Making an Impact: Labor's Litigation to Achieve Social and Economic Justice

58 Pages Posted: 19 Jun 2011 Last revised: 28 Jun 2011

See all articles by Jaime A. Eagan

Jaime A. Eagan

Harvard University - Law School - Alumni

Date Written: June 18, 2011

Abstract

The image that naturally comes to mind when one thinks of a labor union is that of a bargaining representative and an advocate for wronged union employees – an organization that fights to obtain better wages and working conditions for employees than they could negotiate on their own, and that represents employees in any grievances with their employer. For much of the twentieth century, that was an accurate depiction of labor unions, which were focused almost solely on unionizing unionized workplaces and on providing services to union members. Any political action employed by unions were focused on greater gains for employees in the workplace, and any litigation waged was focused on these same goals. However, unions have increasingly embraced the role of an advocate for workers generally, often partnering with other organizations and social movements, and have engaged in political activity to address social and economic concerns of broad constituencies – union members and non-members alike. Scholars have clearly described some forms of political action utilized by labor unions and their partners, documenting in detail union involvement in lobbying, voter registration drives, and political contributions. But thus far, scholars have largely failed to address the ways in which labor unions have used impact litigation as a tool for broad social change. From mass tort litigation, to election and voter registration challenges, to education financing scheme cases, unions have demonstrated their commitment to the American working class as a whole. Although some examples of such impact litigation arise out of workplace conditions – such as union involvement in asbestos litigation and repetitive stress injury product liability lawsuits – other examples of union impact litigation are seemingly unconnected to the workplace – such as challenges to immigration laws that seem to promote racial profiling and challenges to voter registration restrictions that disenfranchise working-class voters.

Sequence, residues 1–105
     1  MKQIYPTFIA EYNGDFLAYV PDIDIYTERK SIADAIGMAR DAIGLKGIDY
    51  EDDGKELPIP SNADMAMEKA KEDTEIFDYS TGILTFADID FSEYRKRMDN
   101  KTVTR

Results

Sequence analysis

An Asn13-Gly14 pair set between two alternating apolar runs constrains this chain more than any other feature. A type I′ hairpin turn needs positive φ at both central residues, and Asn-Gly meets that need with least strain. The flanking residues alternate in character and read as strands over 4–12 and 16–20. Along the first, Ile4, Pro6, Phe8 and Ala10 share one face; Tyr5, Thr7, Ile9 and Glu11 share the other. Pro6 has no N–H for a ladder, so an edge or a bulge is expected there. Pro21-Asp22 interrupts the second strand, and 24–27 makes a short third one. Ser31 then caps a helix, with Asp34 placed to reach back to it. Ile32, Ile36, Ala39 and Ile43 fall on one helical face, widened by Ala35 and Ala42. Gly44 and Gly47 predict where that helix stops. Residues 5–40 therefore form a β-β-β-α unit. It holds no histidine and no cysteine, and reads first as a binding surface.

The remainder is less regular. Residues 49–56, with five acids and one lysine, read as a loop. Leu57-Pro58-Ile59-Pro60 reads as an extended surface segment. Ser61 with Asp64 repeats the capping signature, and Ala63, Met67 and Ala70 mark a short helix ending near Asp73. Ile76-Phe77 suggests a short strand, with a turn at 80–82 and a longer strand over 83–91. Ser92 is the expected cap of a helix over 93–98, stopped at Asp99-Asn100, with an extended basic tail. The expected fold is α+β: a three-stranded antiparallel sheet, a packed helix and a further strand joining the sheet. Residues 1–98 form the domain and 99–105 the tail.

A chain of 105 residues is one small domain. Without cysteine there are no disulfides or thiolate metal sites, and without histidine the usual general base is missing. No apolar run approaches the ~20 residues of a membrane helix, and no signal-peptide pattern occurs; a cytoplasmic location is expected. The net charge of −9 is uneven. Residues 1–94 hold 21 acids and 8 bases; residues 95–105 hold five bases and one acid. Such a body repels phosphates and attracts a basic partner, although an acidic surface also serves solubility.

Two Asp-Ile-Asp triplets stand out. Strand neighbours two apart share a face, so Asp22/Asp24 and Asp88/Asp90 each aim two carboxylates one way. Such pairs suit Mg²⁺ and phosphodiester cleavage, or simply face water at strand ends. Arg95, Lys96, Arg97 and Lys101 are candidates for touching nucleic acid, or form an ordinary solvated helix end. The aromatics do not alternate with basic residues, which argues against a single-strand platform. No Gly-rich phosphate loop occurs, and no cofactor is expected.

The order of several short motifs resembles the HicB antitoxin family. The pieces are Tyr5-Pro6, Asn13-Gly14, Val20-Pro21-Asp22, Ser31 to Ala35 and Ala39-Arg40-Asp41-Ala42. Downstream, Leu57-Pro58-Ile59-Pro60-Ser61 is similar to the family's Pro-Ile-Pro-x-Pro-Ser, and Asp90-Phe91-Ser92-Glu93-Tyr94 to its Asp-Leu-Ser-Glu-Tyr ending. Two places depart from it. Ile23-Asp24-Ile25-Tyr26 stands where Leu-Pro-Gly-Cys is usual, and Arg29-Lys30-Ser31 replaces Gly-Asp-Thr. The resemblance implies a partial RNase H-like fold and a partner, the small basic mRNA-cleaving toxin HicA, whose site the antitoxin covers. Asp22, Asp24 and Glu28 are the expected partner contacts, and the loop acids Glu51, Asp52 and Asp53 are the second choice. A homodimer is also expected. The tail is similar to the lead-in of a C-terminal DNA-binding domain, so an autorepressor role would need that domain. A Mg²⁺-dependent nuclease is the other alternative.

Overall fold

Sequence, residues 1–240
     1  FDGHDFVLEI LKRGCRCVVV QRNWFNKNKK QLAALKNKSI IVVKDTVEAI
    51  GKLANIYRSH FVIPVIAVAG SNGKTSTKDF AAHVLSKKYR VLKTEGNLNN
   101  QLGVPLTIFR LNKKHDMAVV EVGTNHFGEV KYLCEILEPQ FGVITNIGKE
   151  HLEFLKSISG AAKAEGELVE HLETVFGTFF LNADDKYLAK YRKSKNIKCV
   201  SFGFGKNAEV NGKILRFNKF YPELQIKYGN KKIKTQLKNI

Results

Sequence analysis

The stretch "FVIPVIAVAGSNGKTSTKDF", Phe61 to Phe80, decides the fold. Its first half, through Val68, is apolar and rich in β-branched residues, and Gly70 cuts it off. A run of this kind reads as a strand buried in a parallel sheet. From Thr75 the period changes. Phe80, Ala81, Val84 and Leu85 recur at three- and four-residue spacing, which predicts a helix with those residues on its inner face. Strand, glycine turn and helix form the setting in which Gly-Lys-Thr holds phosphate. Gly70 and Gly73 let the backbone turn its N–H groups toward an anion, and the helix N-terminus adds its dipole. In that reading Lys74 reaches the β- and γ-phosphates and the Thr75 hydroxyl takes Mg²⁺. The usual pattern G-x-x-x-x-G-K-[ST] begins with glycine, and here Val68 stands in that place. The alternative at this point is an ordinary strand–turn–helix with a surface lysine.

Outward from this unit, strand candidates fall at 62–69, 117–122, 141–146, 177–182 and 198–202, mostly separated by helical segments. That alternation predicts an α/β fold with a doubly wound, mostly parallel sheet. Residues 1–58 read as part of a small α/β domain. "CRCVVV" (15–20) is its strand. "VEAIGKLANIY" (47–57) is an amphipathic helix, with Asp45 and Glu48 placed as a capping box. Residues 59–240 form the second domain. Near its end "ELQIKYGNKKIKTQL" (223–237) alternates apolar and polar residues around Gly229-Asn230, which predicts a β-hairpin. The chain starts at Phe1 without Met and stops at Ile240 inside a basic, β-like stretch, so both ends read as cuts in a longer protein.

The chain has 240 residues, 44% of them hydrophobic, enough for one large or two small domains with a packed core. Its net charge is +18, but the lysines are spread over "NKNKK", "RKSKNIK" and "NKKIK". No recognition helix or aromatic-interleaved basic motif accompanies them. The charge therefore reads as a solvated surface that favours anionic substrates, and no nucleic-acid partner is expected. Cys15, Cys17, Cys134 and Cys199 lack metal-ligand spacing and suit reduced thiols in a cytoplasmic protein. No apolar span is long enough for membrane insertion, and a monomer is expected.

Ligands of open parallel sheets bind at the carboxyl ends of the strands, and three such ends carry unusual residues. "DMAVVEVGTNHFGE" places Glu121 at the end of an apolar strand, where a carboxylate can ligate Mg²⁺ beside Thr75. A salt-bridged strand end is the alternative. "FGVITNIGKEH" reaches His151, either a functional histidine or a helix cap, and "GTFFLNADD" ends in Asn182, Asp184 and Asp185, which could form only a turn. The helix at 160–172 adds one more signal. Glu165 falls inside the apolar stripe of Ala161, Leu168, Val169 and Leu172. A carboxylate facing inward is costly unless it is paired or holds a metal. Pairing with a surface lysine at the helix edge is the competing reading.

This paper will examine the various conceptions of labor unions and discuss how union involvement in impact litigation demonstrates yet another way that unions behave as social actors invested in the betterment of the working class as a whole. The paper proceeds as follows: Part I will discuss the two primary conceptions of labor union – that simply of a business representative for union members, and that of an advocate for broad social change – and address how unions seem to have evolved from the first conception toward the second conception over the last thirty years. It will also discuss the tools used by unions with a broad self-conception of the role of labor movement in society, including alliances with other social movements and organizations, and political action tools already documented by scholars. Part II will explore in detail, as has never been done before, the labor movement’s involvement in impact litigation – cases that directly affect the workplace (such as wage and hour lawsuits), cases indirectly affecting the workplace (such as repetitive stress injury product liability actions), and cases that have seemingly no direct connection to the workplace (such as litigation challenging the constitutionality of same-sex marriage bans or state voter registration restrictions). Finally, Part III will discuss the significance of the labor movement’s involvement in impact litigation. It will describe what this political action tool says about the role, and it will discuss the benefits and concerns of labor’s use of impact litigation to achieve social change objectives.

Keywords: labor unions, social movement, impact litigation

Suggested Citation

Eagan, Jaime A., Making an Impact: Labor's Litigation to Achieve Social and Economic Justice (June 18, 2011). Available at SSRN: https://ssrn.com/abstract=1866844 or http://dx.doi.org/10.2139/ssrn.1866844

Jaime A. Eagan (Contact Author)

Harvard University - Law School - Alumni ( email )

5163 Massachusetts Ave
Cambridge, MA 02138
United States

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